Does anyone have a Swiss Meringue Buttercream recipe that has been lab tested to contain .85 or lower water activity? My go-to recipe (1 c. sugar, 4 oz egg whites, 3 sticks butter) tested at .88 which is too high to be approved for cottage food law. I really don't want to have to add powdered sugar to the recipe, that defeats the whole purpose of the silky smooth, not too sweet deliciousness. Anyone have a recipe they know works?? TIA!
this didn't work for me but it does for a lot of people -- could you sub some shortening for the butter that should reduce the water to some extent -- a third or half?
just a thought --
i'm so glad you are doing this --
hey what about just a good dollop of some good old fashioned cornstarch?
re: post #2
i mean it didn't work in the sense that i did not like the icing with part shortening -- i've never had my products tested -- i was just brain storming a coupla possible ideas
Does your cottage food law restrict only the water activity? If that is the case, sub in some egg white powder for the liquid eggwhite, and of course don't add in the recommended water to reconstitute.
but I really think the end testing would be up to you, or would your state accept someone else's?
wait wait -- rfisher said egg white powder which is different than meringue powder so that's become two ideas for you but meringue powder has starch, the egg powder and sugar in varying amounts so...y'know it's got gum arabic in it which is a great strengthener for royal icing -- so maybe even just a bit of that -- i'm thinking of the cost on the meringue powder versus cost on gum arabic and i would so try cornstarch first and gum arabic next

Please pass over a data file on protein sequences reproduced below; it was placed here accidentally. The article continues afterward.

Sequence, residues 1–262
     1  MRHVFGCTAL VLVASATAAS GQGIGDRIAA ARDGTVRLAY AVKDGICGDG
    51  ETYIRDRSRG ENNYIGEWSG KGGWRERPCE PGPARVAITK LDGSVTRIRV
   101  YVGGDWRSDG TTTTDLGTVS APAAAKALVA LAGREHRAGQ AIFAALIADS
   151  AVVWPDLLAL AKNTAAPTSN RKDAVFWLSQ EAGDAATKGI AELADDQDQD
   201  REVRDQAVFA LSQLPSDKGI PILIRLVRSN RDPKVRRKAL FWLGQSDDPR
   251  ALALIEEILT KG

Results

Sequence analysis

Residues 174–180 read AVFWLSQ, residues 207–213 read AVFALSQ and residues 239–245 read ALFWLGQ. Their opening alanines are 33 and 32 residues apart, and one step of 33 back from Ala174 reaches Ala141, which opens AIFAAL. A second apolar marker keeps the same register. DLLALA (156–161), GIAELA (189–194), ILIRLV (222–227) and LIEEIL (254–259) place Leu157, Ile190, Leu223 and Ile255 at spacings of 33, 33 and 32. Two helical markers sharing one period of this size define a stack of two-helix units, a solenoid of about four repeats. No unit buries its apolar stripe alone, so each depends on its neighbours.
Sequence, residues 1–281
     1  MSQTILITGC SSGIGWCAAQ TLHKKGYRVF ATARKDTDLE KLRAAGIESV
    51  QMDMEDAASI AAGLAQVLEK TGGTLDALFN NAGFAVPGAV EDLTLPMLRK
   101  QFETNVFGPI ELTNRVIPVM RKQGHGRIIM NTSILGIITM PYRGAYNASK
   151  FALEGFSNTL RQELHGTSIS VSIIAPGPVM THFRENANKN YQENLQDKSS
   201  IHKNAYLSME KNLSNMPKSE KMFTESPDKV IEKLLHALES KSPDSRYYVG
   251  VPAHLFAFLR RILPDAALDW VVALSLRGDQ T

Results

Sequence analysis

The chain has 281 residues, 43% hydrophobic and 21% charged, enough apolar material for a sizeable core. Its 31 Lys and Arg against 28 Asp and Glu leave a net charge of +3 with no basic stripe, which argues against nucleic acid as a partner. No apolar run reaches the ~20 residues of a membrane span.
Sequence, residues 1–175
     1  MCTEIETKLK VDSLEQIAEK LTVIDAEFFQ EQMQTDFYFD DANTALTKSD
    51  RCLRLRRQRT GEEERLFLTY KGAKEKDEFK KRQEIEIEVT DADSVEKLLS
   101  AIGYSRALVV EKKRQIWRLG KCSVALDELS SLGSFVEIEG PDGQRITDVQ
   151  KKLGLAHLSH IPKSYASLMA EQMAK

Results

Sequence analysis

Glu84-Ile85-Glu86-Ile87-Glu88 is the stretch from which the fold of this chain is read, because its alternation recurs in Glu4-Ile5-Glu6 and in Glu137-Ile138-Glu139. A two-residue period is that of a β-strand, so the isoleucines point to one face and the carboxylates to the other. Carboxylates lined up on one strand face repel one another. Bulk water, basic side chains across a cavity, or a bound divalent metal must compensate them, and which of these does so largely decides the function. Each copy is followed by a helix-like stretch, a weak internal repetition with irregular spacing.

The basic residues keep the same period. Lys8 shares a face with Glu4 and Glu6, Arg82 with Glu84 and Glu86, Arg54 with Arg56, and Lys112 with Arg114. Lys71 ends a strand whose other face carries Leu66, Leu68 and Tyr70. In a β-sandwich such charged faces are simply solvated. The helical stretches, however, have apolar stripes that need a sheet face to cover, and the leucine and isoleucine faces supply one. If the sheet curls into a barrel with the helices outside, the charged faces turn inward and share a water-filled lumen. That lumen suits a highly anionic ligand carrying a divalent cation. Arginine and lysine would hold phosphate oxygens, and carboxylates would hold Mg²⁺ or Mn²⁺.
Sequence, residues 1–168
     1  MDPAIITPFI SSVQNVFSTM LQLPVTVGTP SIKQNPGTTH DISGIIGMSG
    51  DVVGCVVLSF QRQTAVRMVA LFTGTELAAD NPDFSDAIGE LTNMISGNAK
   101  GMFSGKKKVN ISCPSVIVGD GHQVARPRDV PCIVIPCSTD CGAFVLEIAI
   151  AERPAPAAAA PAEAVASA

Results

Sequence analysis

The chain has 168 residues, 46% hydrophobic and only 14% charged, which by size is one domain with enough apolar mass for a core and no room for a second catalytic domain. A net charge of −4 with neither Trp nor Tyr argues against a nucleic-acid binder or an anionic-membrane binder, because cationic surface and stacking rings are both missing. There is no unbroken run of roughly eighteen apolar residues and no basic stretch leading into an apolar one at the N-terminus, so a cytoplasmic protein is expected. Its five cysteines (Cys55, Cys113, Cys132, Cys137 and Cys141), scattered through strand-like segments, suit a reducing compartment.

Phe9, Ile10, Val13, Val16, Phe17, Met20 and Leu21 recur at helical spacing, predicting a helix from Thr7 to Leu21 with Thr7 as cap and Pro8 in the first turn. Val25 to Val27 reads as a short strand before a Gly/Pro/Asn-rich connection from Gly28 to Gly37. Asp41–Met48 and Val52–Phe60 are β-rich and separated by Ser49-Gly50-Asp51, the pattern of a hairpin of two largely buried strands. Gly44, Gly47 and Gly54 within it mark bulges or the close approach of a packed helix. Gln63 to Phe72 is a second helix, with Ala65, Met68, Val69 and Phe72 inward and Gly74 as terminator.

Thank you, K8! I hadn't realized there was a difference.
but egg white powder is brilliant, rf -- try that for sure
I am working on my CFO (Southern California) and my county will not let me use any eggs (so no egg whites) in my icing recipe. They also will not let me use Meringue powder (so no royal icing for my cookies).
i use the faux chocolate from the grocery store for my cookies -- i usually just use it un-colored -- what part of socal -- was just there in lake elsinore in july --
and if i'm in a good mood and i remember i put some vanilla powder in there -- killer
it's a wonderful thing on cut out gingerbread -- unexpected and so much nicer than crunchy royal
Cakemom21 - yes. I mentioned IF the OP's cottage food laws for their state only restrict water activity.......
i hope no one glossed over that.
i am not versed in all the states different laws, but I do believe the most lenient ones state water activity, then follow that up with the qualifier of non potentially hazardous food.....which normally exclude eggs. But hey, I can be wrong..........
heated debates can go on referencing cooked eggs, Ph, water activity, stars aligning, and non hazardous status.
Info on boards translating guidelines like these means beans to another. Each person selling should follow the guidance of their local HD. That's where the responsibility buck would stop, and should hold up under law scrutiny if the worst would happen.